Books like Angel in the Waters can give them a child-level glimpse into the wonder of human pregnancy and demonstrate that you, as their mom or dad, are open to talking about birth and life.
With this hopeful and joyous approach to the unborn, they will certainly feel the tragedy of an unborn child’s death more keenly, but they will also have the tools to understand that those who have or perform abortions are to be pitied and loved rather than hated.
Life is a great gift, and your child will grow up wanting to share this “good news” of human life. Read them many stories in which good overcomes great evil. The old fairy tales are one such example: The Brothers Grimm and Andrew Lang provided fantastic tales in which dragons are confronted and defeated.
As Catholics, we have the stories of the martyrs that inspire even the youngest children. By allowing their imaginations to “play” with stories, you will give them a framework for understanding and battling real evil when they encounter it in the world.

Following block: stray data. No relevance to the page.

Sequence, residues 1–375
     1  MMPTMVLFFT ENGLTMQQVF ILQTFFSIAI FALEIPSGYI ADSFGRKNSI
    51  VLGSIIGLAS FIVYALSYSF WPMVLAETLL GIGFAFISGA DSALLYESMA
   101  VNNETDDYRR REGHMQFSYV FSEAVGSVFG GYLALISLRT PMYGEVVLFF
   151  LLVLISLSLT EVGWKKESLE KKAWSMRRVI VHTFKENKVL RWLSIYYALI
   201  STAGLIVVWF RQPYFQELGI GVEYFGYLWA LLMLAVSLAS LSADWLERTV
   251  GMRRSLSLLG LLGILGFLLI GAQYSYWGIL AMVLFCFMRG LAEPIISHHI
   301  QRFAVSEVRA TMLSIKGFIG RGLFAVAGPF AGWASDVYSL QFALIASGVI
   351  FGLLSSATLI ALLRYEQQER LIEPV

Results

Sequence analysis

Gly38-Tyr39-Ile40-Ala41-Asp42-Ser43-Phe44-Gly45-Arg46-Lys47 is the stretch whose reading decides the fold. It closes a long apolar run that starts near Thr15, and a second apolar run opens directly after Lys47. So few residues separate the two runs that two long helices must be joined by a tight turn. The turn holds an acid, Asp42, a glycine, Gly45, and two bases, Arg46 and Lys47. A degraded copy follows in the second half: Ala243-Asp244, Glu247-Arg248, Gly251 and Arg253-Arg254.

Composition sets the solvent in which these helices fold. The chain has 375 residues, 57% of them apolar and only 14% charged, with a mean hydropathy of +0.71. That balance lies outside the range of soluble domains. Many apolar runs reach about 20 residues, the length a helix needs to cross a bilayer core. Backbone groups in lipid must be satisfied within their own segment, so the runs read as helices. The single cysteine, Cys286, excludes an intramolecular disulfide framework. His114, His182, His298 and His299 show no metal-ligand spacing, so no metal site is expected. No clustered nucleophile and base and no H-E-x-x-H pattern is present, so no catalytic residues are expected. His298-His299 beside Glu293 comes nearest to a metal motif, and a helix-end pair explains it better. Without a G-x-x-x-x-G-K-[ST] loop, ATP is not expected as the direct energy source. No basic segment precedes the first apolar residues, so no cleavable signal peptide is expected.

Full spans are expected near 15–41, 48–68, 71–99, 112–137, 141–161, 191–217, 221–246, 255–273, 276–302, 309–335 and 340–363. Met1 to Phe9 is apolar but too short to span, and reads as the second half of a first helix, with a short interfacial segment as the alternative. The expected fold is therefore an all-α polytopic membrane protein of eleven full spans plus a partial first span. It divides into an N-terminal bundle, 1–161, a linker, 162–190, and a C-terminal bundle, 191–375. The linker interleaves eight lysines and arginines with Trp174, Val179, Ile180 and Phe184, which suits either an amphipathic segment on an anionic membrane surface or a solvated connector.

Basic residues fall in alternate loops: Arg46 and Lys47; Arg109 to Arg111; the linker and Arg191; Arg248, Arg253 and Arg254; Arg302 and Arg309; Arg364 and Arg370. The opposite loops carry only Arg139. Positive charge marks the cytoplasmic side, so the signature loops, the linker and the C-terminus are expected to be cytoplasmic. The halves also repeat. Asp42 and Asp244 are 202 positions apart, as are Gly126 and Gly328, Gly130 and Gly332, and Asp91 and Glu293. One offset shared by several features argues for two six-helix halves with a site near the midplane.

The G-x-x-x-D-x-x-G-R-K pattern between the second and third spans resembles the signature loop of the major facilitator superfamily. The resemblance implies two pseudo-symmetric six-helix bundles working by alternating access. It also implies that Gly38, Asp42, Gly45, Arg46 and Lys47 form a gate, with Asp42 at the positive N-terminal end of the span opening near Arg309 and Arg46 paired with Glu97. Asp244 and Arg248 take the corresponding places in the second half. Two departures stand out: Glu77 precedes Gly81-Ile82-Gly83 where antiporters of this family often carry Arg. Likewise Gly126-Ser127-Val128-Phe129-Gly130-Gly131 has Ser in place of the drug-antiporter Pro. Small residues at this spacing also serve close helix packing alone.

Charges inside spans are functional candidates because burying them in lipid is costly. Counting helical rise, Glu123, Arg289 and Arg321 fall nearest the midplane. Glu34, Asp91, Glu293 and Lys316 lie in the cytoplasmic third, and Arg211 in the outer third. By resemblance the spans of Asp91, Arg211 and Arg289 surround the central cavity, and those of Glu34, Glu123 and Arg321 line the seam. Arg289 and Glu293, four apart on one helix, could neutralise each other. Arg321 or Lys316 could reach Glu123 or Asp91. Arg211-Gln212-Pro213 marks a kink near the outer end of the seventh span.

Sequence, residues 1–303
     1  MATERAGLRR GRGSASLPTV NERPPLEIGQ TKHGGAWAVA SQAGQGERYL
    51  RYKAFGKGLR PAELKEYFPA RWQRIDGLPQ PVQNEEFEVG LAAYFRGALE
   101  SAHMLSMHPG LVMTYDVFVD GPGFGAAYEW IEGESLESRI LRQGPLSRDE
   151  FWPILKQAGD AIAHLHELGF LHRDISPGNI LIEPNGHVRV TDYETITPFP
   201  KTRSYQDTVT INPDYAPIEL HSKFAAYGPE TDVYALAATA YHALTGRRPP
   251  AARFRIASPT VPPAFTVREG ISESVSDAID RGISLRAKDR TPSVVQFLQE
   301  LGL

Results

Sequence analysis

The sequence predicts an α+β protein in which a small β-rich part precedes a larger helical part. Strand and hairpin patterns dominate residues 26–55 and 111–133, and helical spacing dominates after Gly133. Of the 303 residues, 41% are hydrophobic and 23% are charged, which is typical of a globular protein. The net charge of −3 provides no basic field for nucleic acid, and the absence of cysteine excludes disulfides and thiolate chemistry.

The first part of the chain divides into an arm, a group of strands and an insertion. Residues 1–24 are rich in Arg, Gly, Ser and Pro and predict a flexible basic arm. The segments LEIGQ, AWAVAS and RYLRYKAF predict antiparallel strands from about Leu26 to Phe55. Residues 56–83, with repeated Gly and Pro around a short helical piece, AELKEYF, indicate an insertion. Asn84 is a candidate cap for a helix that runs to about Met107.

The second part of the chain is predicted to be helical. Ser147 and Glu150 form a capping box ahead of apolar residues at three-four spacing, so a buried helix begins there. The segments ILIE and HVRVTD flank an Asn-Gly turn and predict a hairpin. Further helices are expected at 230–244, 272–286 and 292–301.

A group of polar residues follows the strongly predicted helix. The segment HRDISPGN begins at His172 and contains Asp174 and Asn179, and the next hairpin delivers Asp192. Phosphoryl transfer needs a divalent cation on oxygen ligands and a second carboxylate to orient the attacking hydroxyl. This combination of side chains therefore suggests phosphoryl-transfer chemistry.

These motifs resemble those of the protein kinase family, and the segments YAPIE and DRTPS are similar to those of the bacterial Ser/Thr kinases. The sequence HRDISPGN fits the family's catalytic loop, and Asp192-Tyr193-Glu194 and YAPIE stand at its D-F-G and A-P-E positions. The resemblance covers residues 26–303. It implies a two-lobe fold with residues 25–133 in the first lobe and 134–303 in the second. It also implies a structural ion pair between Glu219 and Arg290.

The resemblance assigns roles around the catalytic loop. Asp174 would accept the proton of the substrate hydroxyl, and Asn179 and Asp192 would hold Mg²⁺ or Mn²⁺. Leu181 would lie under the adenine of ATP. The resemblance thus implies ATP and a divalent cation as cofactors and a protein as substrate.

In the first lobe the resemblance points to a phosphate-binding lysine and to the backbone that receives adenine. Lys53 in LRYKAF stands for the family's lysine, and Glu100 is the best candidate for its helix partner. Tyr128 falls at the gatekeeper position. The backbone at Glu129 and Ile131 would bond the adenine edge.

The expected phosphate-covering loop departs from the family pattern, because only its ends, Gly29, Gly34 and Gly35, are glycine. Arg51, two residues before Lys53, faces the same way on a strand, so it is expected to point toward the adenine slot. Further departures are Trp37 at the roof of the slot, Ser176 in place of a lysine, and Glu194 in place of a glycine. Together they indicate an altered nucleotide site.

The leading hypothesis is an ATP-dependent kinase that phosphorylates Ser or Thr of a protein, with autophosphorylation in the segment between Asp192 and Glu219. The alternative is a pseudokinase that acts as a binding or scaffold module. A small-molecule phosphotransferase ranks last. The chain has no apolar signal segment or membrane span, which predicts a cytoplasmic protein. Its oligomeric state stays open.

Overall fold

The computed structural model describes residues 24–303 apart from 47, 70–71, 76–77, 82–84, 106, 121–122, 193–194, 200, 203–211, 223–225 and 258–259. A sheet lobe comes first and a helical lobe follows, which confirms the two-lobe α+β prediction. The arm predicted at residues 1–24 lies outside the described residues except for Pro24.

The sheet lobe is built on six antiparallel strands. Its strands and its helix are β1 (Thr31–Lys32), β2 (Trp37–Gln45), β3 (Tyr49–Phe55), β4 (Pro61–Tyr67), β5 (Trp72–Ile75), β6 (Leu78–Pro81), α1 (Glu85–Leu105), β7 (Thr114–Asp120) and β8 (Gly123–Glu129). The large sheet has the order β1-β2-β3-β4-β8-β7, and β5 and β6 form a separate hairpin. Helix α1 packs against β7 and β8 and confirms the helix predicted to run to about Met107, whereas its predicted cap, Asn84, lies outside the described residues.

Bring them to Mass, where mankind’s worst sin and God’s final triumph are remembered and made truly present on the altar daily.
Give them a way to help. If your child is brokenhearted to learn that sometimes a mother doesn’t want her baby, then find a way your family can help single mothers and the poor so that they can keep their babies. Let them pray for all unborn children. Help them make a meal or cookies for a family with a new baby to show how much that baby is wanted and loved. Meaningful work can heal a sad child’s heart and show them that charity triumphs over despair.
With a home culture of openness to the hard questions of life, an imagination fortified by examples of heroic virtue, and a real friendship with Christ Crucified, young children can begin learning the meaning of evil words such as “abortion.” Most of all, they look to you, their parents, for assurance that the light shines in the darkness and the darkness cannot overcome it. If you raise them to know the Lord of Life, their innocence cannot be destroyed by the culture of death.